Regulation of vasopressin receptors and phosphoinositide hydrolysis in the septum of heterozygous and homozygous brattleboro rats

Linda M. Shewey, Gerard J. Boer, Patricia Szot, Daniel M. Dorsa

Research output: Contribution to journalArticle

9 Scopus citations


Accurel polypropylene mini-devices, loaded with arginine vasopressin (AVP) and implanted in the lateral cerebral ventricle were used to centrally treat heterozygous (HE) and homozygous (HO) Brattleboro (BB) rats. After I week of treatment, the concentration of AVP receptors in the HO-BB rat septum decreased from 19.4 ± 2.6 to 12.4 ± 1.1 fmol/mg protein, but remained unchanged in the HE-BB rat (10.7 ± 0.8 and 7.0 ± 1.1 fmol/mg protein). In the HO-BB rat the [3H]-AVP equilibrium dissociation constant (KD) of the septal AVP receptor decreased following AVP treatment (from 4.17 ± 0.7 to 1.97 ± 0.3 nM) compared to that of control animals. This decrease in receptor number following AVP treatment was accompanied by a decrease in the postreceptor response to AVP as measured by the AVP-stimulation of [3H]-inositol-1-phosphate (IPi) accumulation (22.0 ± 6.1%) when compared to untreated animals (54.3 ±8.3%). This apparent AVP-induced down-regulation was not due to occupancy of the binding sites by AVP since preincubation of the tissue at 37 °C for 60 min (which was able to cause near-complete dissociation of the hormone-receptor complex) did not result in an increased number of binding sites upon reexposure to [3H]-AVP. This study thus provides evidence for the homologous down-regulation and desensitization in terms of [3H]-IPi accumulation (phosphoinositide hydrolysis) of AVP receptors in the septum of the BB rat.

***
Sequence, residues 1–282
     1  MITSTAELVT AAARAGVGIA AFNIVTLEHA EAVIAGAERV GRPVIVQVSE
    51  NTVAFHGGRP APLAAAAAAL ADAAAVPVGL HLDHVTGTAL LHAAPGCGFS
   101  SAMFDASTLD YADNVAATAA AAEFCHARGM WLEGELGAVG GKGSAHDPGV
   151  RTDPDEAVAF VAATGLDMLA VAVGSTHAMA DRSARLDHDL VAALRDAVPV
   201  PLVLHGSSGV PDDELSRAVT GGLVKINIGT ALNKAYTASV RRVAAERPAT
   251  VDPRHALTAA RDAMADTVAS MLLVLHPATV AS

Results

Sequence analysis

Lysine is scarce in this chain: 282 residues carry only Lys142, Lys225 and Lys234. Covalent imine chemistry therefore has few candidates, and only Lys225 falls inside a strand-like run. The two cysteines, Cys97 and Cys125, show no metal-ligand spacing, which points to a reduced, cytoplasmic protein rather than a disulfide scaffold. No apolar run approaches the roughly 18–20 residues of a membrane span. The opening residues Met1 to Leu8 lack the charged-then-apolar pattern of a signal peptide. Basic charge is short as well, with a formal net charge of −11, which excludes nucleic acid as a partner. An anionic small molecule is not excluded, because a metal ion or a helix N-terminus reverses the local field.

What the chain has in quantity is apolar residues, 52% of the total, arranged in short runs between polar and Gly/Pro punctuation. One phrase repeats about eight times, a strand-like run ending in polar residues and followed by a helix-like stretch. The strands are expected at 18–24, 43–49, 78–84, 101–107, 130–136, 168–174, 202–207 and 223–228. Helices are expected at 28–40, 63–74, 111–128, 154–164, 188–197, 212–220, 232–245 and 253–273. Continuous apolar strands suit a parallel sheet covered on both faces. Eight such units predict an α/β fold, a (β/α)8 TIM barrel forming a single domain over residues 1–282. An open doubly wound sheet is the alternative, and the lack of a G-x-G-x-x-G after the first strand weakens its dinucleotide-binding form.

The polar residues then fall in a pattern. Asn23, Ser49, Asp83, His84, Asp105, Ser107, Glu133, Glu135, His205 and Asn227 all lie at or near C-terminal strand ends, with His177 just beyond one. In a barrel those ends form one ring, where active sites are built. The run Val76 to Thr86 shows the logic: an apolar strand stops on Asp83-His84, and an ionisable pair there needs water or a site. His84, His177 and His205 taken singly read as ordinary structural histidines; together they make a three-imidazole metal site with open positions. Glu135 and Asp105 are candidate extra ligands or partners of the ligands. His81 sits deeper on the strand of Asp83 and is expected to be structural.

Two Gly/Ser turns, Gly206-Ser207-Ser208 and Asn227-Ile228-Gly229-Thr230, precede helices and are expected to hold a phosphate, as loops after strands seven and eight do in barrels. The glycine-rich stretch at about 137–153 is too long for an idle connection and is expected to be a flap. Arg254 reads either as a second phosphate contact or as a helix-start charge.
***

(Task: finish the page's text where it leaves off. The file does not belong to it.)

Original languageEnglish (US)
Pages (from-to)292-298
Number of pages7
Issue number3
StatePublished - Jan 1 1989



  • AVP receptors
  • Accurel technique
  • Brattleboro rats
  • Phosphoinositide hydrolysis
  • Septum
  • Vasopressin supplementation

ASJC Scopus subject areas

  • Endocrinology, Diabetes and Metabolism
  • Endocrinology
  • Endocrine and Autonomic Systems
  • Cellular and Molecular Neuroscience

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